Unfortunately, many of the federal tax credits for popular hybrids – such as the Toyota Prius – expired quite a while ago. However, although a handful of vehicles no longer qualify for the tax incentives, there are plenty of energy efficient automobiles that can still result in a decent tax credit.
2010 BMW Active Hybrid X6 – Credit: $1,500
The 2010 Active Hybrid X6 BMW boasts superb fuel efficiency while maintaining the speed and class of a regular BMW. Although the vehicle does not have the best fuel efficiency rating or the lowest price tag, the vehicle is being marketed towards consumers who want an efficient luxury vehicle that can go from 0 to 60 in less than 6 seconds. The BMW Active is listed at $88,900 and qualifies for a federal tax incentive of $1,550.
2. 2010 Audi A3 TDI – Credit: $1,300
The 2010 Audi A3 TDI is a clean diesel SUV with the same capabilities as any typical sports utility vehicle; it also seats seven. Since the automobile uses diesel fuel, drivers can claim a tax credit for this car of up to $1,300. The Audi A3 TDI is one of the first of its kind, and was even awarded the 2010 Green Car of the Year award from Green Car Journal.
3. Chevy Volt – Credit: $7,500
Although the Chevy Volt has not hit sales floors yet, there is already a lot of anticipation of its upcoming release. The vehicle has an electric motor – powered by lithium ion batteries – and the car can travel 40 miles on a single charge. Although an official price has not been announced, experts predict it will be priced around $40,000, which would correlate with a tax credit of $7,500.
Tesla Roadster – Credit: $7,500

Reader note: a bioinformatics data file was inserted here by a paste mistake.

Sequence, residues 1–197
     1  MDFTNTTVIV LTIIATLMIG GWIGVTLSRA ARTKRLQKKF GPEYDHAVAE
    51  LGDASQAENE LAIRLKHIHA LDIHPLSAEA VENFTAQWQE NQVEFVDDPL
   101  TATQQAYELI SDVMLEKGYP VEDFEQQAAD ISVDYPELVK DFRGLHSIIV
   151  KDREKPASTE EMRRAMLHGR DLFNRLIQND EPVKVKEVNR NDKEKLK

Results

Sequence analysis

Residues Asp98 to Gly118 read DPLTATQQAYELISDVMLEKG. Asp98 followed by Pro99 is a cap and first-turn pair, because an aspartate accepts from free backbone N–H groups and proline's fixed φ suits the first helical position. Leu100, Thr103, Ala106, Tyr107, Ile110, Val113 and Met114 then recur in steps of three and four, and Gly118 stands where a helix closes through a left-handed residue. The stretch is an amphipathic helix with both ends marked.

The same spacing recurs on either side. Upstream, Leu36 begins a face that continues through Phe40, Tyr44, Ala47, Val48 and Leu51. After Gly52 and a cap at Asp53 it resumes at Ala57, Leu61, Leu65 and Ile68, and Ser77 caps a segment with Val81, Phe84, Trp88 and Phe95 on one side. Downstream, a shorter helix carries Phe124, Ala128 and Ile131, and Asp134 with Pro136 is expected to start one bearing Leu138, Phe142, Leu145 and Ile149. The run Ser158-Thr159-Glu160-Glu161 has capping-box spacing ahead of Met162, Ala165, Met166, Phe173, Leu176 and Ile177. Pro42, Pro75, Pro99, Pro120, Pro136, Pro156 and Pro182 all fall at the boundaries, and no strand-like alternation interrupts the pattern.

The most significant federal tax credits are available for plug-in electric vehicles, such as the Tesla Roadster. The credit amount may not seem as significant compared to the Roadster’s steep $109,000 price tag. However, many states including California are offering additional incentives for taxpayers who buy or lease a Tesla Roadster.
2010 Mercedes Benz ML450 Hybrid – Credit: $2,200
The 2010 Mercedes Benz ML450 is another hybrid offering drivers a luxury car that can be driven on only electricity, only gasoline, or an efficient combination of the two. The small scale SUV gets around 24 miles per gallon and qualifies for a $2,200 federal tax credit.
2011 Nissan Leaf – Credit: $7,500
The 2011 Nissan leaf is among the most affordable electric vehicles. It has not hit the market yet, but according to reports it can travel 100 miles on a $3.00 charge of electricity. The leaf will arrive at Nissan showrooms across the country this December. The MSRP should be around $32,780 before the credit, and the vehicle will also qualify for a $5,000 Californian clean vehicle rebate.
2010 Chevrolet Tahoe Hybrid – Credit: $2,200
The Chevy Tahoe Hybrid has an MSRP of $51,185, however if you purchase one before December 31st then it will qualify for a $2,200 federal credit. The vehicle averages 21 miles per gallon. Although the Tahoe is not the most efficient vehicle on my list, considering its size the mileage is still impressive.
2010 GMC Sierra Hybrid – Credit: $2,200
If you need to drive a truck that can haul items, but are looking for a way to cut your fuel expenses, then you should consider the 2010 GMC Sierra Hybrid. The truck is best for city drivers, who can benefit from a 21 mile per gallon average. Additionally, the Sierra has a $38,710 MSRP and will qualify for a $2,200 federal tax credit.